Some days, blogging about addiction and recovery gives me so much joy. Other times, it feels impossible. How can I write helpfully about such a baffling subject?
I’m reminded of a line in a Rumi poem:
“One of the marvels of the world
is the sight of a soul sitting in prison
with the key in its hand.”
Isn’t that so true? It’s one of the most crazy-making aspects of addiction—how it seems to us (and others, too), like freedom is clearly within our grasp. Just use the key, quit the addiction, and walk out of jail.
If only it were that simple. Instead, we scream bloody murder for rescue, and then run at the first sign of help.
It’s hard to explain, except to say that addiction seems proof of our split nature. In the grip of compulsions, we become a soul divided—part of us wants to surrender and part of us fights to hold on.
The demoralizing tug-of-war that results is surely one of the main reasons addicts tend to hate themselves so thoroughly. Add to this an endless series of self-inflicted wounds, humiliations, and losses—and you can imagine how shame fuels the engine of addiction.
Unfortunately, prevailing wisdom says the addict must experience ever more painful consequences, tragedies, and heartbreak—until they finally hit rock bottom and become willing to change.
I agree that desperation is necessary for surrender. But sometimes I wonder if we’ve arrived at an incomplete conclusion. If “hitting bottom” alone is the magic bullet, how come so many addicts suffer one devastating blow after another—and still don’t recover?
What happens when all you have left to lose is your life?
After seven years of hearing addicts’ stories, I have a theory of my own. I think most of the time a low point doesn’t become a turning point unless an addict hits bottom and hope at the same time.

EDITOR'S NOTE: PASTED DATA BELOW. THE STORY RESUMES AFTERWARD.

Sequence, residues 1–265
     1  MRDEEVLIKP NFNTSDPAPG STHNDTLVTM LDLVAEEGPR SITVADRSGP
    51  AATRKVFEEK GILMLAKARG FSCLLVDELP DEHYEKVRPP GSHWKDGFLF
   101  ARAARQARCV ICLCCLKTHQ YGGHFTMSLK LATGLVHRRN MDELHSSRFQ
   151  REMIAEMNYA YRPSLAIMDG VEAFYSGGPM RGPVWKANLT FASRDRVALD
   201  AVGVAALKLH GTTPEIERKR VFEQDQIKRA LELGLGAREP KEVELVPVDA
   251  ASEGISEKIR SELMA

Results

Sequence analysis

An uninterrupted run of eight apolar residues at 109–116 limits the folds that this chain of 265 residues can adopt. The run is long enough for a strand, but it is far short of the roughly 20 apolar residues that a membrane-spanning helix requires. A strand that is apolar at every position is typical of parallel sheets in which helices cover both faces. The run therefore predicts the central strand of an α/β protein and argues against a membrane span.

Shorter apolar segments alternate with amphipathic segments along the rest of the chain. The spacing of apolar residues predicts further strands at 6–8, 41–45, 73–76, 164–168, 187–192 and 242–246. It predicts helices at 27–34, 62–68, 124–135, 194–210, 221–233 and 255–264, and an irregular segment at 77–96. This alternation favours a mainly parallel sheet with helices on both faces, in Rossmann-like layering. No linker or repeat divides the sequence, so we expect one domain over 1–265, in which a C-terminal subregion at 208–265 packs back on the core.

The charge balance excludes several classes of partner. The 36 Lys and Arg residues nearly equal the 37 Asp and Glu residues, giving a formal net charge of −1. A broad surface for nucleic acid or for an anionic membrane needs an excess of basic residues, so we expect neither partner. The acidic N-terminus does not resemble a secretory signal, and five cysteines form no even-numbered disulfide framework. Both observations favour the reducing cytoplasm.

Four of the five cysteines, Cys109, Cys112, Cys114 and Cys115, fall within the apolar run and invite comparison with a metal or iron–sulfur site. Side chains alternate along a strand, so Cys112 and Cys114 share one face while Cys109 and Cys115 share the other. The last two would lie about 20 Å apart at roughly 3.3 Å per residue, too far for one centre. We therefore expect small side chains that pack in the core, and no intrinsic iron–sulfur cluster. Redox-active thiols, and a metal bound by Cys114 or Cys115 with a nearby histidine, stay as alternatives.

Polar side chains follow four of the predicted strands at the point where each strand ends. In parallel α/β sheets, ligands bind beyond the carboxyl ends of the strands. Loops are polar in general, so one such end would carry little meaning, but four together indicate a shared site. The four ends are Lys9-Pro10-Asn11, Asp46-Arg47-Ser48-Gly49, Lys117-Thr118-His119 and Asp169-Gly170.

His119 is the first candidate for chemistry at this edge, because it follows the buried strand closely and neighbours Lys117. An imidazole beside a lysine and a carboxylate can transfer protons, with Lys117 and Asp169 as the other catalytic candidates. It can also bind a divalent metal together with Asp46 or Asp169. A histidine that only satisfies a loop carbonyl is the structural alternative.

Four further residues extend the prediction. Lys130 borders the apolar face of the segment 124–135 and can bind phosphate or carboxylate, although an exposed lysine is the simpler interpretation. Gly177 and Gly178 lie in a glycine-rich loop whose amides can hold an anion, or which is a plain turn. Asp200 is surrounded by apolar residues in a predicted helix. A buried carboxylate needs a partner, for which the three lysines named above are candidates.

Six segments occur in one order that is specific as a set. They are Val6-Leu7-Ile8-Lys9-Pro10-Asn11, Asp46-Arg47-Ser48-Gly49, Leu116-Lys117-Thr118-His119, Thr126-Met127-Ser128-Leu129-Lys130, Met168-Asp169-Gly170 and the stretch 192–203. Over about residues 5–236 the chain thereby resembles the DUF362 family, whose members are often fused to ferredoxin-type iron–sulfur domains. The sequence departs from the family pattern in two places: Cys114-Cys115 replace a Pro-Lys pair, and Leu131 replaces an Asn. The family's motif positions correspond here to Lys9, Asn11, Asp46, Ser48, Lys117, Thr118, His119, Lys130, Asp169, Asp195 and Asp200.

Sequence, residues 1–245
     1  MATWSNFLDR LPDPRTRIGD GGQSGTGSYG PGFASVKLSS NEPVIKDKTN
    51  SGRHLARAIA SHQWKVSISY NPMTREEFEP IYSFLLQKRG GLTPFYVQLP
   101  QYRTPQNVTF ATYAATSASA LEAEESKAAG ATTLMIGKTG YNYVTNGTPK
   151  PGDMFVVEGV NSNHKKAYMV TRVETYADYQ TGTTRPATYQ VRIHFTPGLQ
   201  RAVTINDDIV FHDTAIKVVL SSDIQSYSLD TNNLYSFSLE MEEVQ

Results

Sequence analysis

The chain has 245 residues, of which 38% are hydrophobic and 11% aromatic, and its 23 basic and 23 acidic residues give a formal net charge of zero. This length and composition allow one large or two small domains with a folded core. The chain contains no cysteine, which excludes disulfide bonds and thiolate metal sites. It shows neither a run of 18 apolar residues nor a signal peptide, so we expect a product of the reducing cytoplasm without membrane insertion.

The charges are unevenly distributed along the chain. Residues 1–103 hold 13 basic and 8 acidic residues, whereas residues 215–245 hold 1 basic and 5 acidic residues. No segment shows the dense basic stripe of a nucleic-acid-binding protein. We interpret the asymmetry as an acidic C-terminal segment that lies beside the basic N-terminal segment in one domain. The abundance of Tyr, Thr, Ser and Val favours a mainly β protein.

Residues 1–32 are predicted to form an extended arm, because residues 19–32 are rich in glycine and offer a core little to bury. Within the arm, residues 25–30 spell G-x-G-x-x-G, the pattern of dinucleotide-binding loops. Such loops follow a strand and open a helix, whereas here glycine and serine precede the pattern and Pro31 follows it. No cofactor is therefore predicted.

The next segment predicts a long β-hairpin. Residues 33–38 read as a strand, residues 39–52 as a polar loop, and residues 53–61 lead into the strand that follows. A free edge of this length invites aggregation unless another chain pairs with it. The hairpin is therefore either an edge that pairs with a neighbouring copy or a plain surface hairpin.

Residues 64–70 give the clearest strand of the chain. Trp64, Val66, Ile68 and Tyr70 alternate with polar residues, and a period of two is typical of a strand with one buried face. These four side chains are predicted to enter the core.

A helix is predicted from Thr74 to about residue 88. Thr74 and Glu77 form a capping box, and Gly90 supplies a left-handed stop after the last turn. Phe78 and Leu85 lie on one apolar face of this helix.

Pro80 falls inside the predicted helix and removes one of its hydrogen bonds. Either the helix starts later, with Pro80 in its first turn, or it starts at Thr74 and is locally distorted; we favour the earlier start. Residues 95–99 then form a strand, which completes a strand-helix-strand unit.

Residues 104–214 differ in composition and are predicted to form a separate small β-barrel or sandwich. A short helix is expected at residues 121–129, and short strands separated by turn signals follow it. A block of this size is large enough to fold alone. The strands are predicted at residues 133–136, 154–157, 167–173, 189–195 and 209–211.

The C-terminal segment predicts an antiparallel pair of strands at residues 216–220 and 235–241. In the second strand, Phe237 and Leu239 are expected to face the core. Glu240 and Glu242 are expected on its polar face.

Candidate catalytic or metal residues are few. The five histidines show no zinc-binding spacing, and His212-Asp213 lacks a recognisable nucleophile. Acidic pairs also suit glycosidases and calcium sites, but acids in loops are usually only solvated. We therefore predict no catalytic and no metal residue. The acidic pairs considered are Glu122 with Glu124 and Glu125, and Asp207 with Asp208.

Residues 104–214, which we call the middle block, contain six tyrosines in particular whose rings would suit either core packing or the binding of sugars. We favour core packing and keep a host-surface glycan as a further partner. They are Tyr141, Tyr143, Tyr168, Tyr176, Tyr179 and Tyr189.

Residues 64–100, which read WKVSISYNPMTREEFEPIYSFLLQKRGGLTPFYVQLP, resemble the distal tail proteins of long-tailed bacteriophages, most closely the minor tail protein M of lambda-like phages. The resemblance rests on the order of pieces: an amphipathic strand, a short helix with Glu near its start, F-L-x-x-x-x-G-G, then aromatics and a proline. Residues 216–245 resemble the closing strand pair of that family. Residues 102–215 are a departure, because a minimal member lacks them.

Hope looks different for each of us, of course. For me, hope looked like meeting Susan, who happened to be in recovery. Her obvious zest for life gave me reason to believe that sobriety didn’t have to be equal parts deprivation and misery.
For a bunch of women in Amarillo, Texas, hope looks like a place called the Downtown Women’s Center, where I’m speaking today. As I’ve mentioned, they provide long-term help to homeless and addicted women so they can rebuild lives worth staying sober for.
Given my thoughts about bottoms and hope, you can imagine how much I want to see this amazing organization raise a bunch of money.
If you think of it, pray for me today. Part of what I’ll be trying to say is how hitting bottom without hope mostly leads to despair and too often, death. But hitting bottom with hope can lead to surrender.
And that’s when we notice the prison key in our hand.
P.S. By amazing coincidence, today is also the day Sober Mercies releases in paperback. Since an important message of my book is hope, rather than apologize for shameless self-promotion, I encourage you to buy a copy for someone who loves an addict, struggles with a compulsion, or simply adores memoir.
If you want to make a donation to the Downtown Women’s Center, click here.